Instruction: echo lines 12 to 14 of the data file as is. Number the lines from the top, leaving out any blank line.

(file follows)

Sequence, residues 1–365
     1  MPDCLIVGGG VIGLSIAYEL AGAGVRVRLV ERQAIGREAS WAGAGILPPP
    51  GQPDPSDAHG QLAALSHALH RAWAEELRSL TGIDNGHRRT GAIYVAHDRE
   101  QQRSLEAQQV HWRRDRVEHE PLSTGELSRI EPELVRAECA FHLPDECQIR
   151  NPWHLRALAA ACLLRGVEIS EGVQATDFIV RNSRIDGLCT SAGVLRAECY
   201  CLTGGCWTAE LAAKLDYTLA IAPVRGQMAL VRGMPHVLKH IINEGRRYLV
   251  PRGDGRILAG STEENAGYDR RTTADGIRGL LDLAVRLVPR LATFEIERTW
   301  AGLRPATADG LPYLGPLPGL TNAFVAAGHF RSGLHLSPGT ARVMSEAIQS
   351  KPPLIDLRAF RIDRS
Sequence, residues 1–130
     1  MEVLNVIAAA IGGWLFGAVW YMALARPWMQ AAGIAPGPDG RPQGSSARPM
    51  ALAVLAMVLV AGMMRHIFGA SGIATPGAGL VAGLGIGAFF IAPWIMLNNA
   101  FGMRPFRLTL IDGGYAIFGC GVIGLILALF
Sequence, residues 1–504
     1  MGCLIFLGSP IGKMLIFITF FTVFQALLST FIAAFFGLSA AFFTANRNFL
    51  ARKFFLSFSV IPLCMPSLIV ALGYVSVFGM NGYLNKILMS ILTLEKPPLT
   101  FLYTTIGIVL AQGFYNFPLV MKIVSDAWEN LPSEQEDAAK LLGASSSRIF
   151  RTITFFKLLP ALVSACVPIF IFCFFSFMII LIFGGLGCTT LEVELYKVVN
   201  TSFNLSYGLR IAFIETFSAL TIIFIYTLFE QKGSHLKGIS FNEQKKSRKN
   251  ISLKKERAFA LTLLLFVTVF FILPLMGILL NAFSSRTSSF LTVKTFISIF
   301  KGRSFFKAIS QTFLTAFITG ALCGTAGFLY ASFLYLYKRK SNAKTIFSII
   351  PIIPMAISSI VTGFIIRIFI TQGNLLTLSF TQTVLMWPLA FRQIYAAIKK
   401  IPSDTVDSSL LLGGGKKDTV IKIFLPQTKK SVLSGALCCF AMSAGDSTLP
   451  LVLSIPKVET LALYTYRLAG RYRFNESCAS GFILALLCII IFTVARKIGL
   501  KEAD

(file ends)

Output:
    51  ALAVLAMVLV AGMMRHIFGA SGIATPGAGL VAGLGIGAFF IAPWIMLNNA
   101  FGMRPFRLTL IDGGYAIFGC GVIGLILALF
Sequence, residues 1–504